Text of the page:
Final Assault - or the Last Gasp?
If amazement made people rich, gold buffs would all be billionaires.
It's amazing to see what markets will do when they are in their final stages of shaking off decades of semi-centralized "management" by the political and banking class.
In fact, I have been so amazed these past few weeks, and continue to be so amazed that I fear, if it ever stops, I will need a psychologist to deal with the emptiness that will follow. Maybe I'll have to turn to strong drink or something.
In only the last few months, we have seen the following (formerly unimaginable) economic developments:
Gold has climbed (and on occasion has fallen) in sync with the Dow.
The euro-zone underwent a huge crisis of confidence last year when EU finance ministers voted not to punish France and Germany for violating the Maastricht Treaty's "growth and stability pact". Yet, the euro not only survived - its value began to take off even faster relative to the dollar than before.
We have seen gold losing almost every shred of its traditional inverse connection to the dollar's (mis)fortunes in two different ways: (1) a time-divergence (gold fell hours before the dollar made a jump); (2) both gold and dollar moving in tandem, intra-day; both in the upwards and downwards direction.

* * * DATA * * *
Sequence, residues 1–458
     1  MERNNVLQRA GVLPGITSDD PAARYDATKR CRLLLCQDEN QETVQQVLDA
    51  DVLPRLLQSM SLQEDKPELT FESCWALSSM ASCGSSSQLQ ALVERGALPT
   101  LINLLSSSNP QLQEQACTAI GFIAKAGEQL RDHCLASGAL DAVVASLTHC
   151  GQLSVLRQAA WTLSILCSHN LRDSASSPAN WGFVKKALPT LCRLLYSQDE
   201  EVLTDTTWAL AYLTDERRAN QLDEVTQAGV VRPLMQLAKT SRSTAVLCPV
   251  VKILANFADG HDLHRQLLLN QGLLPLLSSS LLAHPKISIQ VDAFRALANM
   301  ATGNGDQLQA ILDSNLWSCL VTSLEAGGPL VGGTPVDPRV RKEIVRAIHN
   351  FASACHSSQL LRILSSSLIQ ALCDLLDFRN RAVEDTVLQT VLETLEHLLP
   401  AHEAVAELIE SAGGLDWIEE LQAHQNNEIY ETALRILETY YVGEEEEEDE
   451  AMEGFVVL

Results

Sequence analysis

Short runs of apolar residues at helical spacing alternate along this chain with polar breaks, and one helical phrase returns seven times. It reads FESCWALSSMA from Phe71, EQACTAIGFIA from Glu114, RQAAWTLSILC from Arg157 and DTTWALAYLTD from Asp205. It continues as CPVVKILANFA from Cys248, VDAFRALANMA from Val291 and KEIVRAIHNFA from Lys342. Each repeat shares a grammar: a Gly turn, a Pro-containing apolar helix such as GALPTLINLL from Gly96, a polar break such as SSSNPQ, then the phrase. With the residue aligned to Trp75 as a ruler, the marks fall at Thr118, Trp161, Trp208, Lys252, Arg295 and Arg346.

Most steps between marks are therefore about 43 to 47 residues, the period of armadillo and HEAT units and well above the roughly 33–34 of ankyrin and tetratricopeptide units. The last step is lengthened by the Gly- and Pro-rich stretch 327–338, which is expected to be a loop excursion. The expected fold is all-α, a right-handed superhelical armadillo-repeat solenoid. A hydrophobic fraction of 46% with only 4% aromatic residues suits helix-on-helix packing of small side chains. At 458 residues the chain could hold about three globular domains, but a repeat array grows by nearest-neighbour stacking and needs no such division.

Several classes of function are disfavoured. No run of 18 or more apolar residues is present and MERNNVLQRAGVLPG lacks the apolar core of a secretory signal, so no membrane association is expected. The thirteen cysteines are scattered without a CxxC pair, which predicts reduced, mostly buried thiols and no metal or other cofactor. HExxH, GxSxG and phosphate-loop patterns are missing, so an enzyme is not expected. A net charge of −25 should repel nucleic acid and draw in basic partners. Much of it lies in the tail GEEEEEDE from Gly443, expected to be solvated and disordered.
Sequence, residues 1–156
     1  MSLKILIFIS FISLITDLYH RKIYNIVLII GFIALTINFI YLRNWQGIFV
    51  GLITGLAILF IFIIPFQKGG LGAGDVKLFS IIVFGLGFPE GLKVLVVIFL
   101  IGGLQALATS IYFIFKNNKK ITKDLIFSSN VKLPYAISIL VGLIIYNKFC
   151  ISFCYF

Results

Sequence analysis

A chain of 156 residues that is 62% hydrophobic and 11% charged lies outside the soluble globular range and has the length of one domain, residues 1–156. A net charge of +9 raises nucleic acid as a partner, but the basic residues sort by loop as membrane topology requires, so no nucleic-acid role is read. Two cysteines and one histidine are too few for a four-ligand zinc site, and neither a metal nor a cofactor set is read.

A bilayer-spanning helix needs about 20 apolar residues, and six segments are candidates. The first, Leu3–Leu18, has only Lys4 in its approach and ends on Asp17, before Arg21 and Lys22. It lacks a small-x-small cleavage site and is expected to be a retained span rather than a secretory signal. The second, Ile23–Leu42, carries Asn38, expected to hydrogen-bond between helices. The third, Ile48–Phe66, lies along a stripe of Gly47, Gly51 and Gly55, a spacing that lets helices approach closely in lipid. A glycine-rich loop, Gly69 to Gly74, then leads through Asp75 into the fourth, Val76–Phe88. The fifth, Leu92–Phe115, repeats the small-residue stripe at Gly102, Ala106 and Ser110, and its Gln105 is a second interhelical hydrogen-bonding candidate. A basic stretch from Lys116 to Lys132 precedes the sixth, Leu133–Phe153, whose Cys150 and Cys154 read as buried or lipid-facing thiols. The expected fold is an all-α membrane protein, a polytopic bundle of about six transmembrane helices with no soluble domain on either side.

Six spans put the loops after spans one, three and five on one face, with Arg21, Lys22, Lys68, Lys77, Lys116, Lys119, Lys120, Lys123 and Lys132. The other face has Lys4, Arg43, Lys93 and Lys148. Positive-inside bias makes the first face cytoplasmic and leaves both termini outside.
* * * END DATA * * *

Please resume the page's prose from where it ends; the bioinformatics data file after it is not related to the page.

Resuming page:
We witnessed gold beginning to rise in dollar terms even as the dollar made gains against the euro (to which gold seemed to be hog-tied back in 2003 and continuing into the early months of this year).
Gold, the inflation-hedge "par excellence" falls on a day when Forbes reports an "alarming jump" in US inflation for March 2004.
Supposedly "good" economic news (the 308,000 "increase" in non-farm payroll jobs) literally ravages US treasuries.
Future rate-hike fears are so high that even the normally good economic news of improving corporate earnings sent the Dow spiraling lower.
Even a rock-like drop in the dollar during the last two quarters of 2003 has brought no relief from chronically (fatally?) high US trade and current account deficits. Instead, the twin deficits have grown even more menacing.